I recently had the privilege of talking to two groups of producers in Saskatchewan regarding construction of solar water systems. We run a wide variety of systems in our operation, and they are basically built using the principle of being the most cost-effective solution for our problem. Included in these solutions are gas pumps, nose pumps, a straight siphon (this summer’s project) and a variety of solar water solutions.
We started seriously pumping water in 2002 when we were blessed with three-eighths inch of rain over the course of six months. The benefits were so blatantly obvious that we have continued to develop our watering systems. Among the benefits are increased calf gains, lower health costs, better conception rates, enhanced pasture management/animal control, extended dugout life, and vastly improved riparian areas. A combination of curiosity and Scottish heritage kept us from trying commercially produced systems. They are generally very good and while they can come with a sizable price tag you are also buying the expertise of the company and the ability to drag and drop an entire system onto your operation.
Sizing the system
For anyone interested in building or buying a watering system, some basic math skills are essential. The size is determined by the number of cows you need to water. Generally speaking a pair requires 15 gallons per day. I use 20 gallons in my estimates. With this extra slack I avoid the need to figure out the efficiency of panels and batteries and the impact of latitude on available daylight. So, with my system, if I want to water 100 cows, I need a setup that pumps 2,000 gallons per day.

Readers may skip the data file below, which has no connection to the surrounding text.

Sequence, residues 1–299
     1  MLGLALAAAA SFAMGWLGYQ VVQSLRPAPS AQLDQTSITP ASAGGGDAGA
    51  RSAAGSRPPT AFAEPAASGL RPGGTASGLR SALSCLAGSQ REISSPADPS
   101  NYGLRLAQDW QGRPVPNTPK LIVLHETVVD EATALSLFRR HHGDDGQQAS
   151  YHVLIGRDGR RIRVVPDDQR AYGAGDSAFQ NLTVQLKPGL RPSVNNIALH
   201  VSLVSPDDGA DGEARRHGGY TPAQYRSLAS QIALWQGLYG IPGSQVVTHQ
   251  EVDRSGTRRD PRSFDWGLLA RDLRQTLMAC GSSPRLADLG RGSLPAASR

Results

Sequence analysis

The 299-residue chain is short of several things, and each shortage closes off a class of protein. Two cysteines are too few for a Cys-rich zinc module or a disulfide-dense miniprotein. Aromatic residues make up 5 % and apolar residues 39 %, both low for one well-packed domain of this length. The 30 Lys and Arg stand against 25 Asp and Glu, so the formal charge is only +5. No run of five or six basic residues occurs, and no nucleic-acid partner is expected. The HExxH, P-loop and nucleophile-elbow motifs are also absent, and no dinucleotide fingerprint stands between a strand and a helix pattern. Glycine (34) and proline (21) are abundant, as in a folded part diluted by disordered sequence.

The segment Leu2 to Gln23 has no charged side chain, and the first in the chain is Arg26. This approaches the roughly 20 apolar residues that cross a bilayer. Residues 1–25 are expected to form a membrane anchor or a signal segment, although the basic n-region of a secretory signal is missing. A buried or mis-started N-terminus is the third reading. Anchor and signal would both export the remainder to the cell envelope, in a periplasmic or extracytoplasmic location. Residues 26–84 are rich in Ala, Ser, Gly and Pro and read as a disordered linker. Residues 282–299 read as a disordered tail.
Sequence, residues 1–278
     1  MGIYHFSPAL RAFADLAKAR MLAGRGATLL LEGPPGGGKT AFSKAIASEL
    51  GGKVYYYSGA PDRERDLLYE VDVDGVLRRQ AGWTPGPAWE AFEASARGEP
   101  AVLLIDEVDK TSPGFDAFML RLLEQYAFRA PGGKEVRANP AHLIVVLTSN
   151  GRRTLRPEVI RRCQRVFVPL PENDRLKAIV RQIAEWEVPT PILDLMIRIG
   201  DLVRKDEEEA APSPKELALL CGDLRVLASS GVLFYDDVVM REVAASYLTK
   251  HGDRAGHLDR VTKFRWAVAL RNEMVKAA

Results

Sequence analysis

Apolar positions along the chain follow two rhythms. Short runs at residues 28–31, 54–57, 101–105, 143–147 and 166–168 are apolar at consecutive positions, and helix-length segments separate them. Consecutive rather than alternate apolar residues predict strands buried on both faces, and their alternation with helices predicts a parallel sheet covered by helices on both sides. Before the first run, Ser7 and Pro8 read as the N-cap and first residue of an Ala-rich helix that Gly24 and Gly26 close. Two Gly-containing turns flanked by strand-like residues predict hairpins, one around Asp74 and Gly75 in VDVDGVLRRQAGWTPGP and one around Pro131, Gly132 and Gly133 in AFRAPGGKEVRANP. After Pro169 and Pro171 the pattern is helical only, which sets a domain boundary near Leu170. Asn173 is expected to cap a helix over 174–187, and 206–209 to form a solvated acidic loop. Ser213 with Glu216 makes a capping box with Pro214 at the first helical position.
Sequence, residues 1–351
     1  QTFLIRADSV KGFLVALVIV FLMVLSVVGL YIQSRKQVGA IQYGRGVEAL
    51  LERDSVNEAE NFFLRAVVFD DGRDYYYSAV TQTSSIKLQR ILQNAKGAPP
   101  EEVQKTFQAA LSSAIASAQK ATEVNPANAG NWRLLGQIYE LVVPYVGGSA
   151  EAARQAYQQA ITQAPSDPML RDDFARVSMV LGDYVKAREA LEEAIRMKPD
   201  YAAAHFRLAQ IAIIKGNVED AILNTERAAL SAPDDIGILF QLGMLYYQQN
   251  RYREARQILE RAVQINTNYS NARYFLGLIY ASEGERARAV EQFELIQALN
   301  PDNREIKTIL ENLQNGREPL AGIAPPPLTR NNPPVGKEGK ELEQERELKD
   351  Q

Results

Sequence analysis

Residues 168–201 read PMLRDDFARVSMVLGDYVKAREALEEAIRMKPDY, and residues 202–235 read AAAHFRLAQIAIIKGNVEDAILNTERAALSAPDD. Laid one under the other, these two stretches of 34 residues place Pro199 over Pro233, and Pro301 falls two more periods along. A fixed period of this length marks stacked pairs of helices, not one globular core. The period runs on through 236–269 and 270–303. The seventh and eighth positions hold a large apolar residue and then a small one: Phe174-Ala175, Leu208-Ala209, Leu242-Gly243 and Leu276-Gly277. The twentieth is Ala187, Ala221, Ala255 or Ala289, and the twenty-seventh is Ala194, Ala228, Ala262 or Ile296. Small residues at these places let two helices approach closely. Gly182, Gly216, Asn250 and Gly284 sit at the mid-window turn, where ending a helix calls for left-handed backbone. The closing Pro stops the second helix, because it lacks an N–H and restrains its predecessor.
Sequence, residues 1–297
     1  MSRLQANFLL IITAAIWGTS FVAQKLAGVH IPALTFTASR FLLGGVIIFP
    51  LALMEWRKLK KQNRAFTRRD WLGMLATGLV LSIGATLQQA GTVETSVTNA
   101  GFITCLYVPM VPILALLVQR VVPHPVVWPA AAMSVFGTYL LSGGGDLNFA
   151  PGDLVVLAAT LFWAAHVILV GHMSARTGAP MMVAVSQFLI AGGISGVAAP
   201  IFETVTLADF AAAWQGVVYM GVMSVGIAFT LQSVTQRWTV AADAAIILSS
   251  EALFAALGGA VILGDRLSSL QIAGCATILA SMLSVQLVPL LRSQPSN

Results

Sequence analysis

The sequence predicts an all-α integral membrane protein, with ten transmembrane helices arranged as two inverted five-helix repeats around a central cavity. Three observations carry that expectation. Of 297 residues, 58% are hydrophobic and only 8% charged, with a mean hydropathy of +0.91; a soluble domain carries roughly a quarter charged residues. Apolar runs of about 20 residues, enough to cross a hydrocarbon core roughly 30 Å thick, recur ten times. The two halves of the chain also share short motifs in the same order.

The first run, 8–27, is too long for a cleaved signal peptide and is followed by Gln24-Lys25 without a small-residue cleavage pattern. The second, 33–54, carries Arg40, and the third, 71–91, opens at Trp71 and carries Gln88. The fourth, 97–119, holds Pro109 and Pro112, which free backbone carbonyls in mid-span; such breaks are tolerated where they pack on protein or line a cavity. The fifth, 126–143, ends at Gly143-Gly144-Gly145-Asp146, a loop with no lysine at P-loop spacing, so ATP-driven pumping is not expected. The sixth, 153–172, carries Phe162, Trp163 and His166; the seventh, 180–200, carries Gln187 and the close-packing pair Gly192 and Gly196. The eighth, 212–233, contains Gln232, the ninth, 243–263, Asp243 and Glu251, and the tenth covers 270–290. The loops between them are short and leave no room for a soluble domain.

Sizing the pump
If you have a pump that will pump five gallons per minute it will have to run for 400 minutes (2,000 / 5) or six hours and 40 minutes each day to provide enough water for the cow herd. A pump with a capacity of 15 gallons per minute needs to run for 135 minutes or two hours and 15 minutes. Pumps need to be able to accommodate the lift and volume required and most will have that rating readily available.
Sizing the battery
Power for the pump is stored in one of two ways, in a battery bank or a water tank. A water tank that gravity flows stores the power as elevated water. An on-demand type of system stores power in batteries. Battery storage capacity is rated in “Amp Hours.” Using the pump in our previous example that operates at five gallons per minute and draws three amps, we can figure that we need 20 amp hours (62/3 hours x 3 amps) of reserve power to run the system for one day. A perfectly efficient 100-amp hour battery fully charged would run the system with no additional power for five days. It is extremely important to use deep-cycle RV/marine-type batteries as they discharge and recharge more fully without damage than a typical car battery. This is also the type of battery we use on electric fencers.
I like to have quite a large-reserve battery capacity, but I would strongly advocate using water storage. The advantage of water storage is that in the event of a failure (hailstones destroy panels) it is possible to pump the water storage full using alternate means such as a gas pump.
Sizing the panels or wind generator
Lifting 20 gallons of water takes quite a bit of power. Watts are the electrical equivalent of horsepower and generally speaking “Watts move water.” A watt is equivalent to 1 amp x 1 volt. This is useful as it helps us to figure out the sizing of the power generator (either solar or wind). Again we will use our previous example of a pump that needs 20 amp hours per day. Let’s look at an 80-Watt/12-volt panel. Working 100 per cent full out, the panel would generate 6.7 amps (80 / 12). That means in one hour the panel could restore 6.7 amp hours to the battery bank. We need 20, so the panel would have to work for three hours (20/6.7). We also need to account for clouds, rainy days, latitude and day length.